Saturday, February 19, 2011

Airbrushing Mohamed ElBaradei

In the same biographical piece on Mohamed ElBaradei discussed below, Reuters correspondent Louis Charbonneau explains why Western powers, particularly Israel, were frequently at odds with the former IAEA chief:
One of those disagreements concerned the Israeli bombing in September 2007 of what U.S. and Israeli officials said was a nascent nuclear reactor in Syria built with the help of North Korea. One former IAEA official said ElBaradei "went through the roof" when he found out about the Israeli strike against the facility, which Syria says was not a nuclear reactor.
Another diplomat said ElBaradei took the Israeli action as a "personal attack against him" and a "vote of no-confidence" because the Israelis decided to bomb the facility rather than ask the IAEA to confront Syria and inspect the site.
"The Israelis decided that ElBaradei could not be trusted to do anything about it so they chose to act pre-emptively and solve the problem," the diplomat said.
Two years later, in September 2009, Israel and France suggested that ElBaradei was sitting on IAEA findings that pointed more concretely to a covert Iranian nuclear weapons program. ElBaradei angrily denied any such cover-up. The Israeli ambassador to the IAEA made clear his disapproval of the outgoing IAEA chief and conspicuously left his seat empty during a closed-door gathering of agency member states who took turns heaping praise on ElBaradei for his 12 years at the nuclear watchdog.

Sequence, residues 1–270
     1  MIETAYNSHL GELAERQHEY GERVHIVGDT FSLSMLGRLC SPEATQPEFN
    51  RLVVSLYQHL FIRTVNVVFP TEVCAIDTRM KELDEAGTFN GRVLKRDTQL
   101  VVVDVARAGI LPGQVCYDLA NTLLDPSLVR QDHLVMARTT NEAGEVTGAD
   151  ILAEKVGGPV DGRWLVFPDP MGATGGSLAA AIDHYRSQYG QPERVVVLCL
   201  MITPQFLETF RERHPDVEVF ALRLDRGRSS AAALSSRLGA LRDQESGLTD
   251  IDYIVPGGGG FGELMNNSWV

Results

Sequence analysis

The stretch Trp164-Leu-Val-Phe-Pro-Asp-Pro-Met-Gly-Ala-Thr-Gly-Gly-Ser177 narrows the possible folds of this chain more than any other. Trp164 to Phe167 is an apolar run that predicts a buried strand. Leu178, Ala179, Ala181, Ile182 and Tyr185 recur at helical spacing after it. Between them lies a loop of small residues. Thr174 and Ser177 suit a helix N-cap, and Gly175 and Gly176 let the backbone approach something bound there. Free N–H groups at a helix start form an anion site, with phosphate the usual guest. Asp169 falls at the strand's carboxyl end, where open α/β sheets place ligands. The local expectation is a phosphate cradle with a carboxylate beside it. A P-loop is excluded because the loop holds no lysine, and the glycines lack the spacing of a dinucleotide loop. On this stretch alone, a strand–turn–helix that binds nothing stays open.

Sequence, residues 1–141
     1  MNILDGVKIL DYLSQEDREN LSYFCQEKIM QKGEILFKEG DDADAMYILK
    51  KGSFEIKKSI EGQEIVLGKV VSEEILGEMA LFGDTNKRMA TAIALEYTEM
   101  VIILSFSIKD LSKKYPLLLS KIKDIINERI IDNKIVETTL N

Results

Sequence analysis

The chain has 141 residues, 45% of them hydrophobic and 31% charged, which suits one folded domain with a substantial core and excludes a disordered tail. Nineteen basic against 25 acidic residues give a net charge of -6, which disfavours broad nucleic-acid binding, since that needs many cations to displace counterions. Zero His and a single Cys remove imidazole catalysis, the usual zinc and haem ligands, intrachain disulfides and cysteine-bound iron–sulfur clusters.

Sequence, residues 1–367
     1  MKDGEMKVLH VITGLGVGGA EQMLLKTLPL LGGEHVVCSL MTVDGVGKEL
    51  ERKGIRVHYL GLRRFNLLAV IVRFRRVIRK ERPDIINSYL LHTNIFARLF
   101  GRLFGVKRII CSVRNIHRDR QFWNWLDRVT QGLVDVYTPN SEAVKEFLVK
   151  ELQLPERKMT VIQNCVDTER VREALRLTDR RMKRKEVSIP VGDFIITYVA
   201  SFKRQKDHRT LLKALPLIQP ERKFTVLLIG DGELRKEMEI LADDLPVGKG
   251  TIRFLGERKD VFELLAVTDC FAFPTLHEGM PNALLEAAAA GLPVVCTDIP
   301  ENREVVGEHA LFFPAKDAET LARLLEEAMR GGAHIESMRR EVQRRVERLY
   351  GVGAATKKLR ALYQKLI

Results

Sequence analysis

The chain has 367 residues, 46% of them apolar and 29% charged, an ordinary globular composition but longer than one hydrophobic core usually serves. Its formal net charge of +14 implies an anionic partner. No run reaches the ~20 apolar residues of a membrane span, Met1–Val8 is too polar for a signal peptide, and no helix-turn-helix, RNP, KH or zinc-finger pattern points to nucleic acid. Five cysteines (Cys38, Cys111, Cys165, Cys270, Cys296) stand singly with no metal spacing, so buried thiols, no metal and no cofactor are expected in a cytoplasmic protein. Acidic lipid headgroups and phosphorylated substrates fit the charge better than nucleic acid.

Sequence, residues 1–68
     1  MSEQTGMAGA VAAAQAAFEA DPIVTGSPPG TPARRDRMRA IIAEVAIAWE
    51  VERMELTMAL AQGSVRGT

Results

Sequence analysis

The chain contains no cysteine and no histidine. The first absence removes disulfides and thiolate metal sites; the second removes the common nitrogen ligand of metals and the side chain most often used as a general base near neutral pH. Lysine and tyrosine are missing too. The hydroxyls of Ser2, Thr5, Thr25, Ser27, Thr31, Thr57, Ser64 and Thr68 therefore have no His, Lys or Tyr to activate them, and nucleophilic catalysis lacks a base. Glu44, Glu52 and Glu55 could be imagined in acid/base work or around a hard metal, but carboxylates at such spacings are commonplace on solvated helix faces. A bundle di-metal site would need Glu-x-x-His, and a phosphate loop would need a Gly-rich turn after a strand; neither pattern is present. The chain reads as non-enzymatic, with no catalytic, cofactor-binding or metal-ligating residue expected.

Charbonneau assumes a disinterested stance on the contention between ElBaradei and Israel and fails to inform readers that Syria is still stonewalling the United Nations and new IAEA chief, Yukiya Amano, in their efforts to investigate the site bombed by Israel -- at which significant traces of man-made uranium had been detected.

Charbonneau also fails to disclose to his audience that just weeks after the accusation by Israel and France that ElBaradei had covered-up evidence of Iran's nuclear weapons program, it was revealed publicly that ElBaradei and the IAEA had indeed known for many months that Iran had the data to build a nuclear bomb and had tested an advanced nuclear warhead design:
While the analysis represents the judgment of the nuclear agency’s senior staff, a struggle has erupted in recent months over whether to make it public. The dispute pits the agency’s departing director, Mohamed ElBaradei, against his own staff and against foreign governments eager to intensify pressure on Iran.
Apparently Charbonneau didn't feel that information would assist readers in their assessment of whether "Mohamed ElBaradei's time has arrived".

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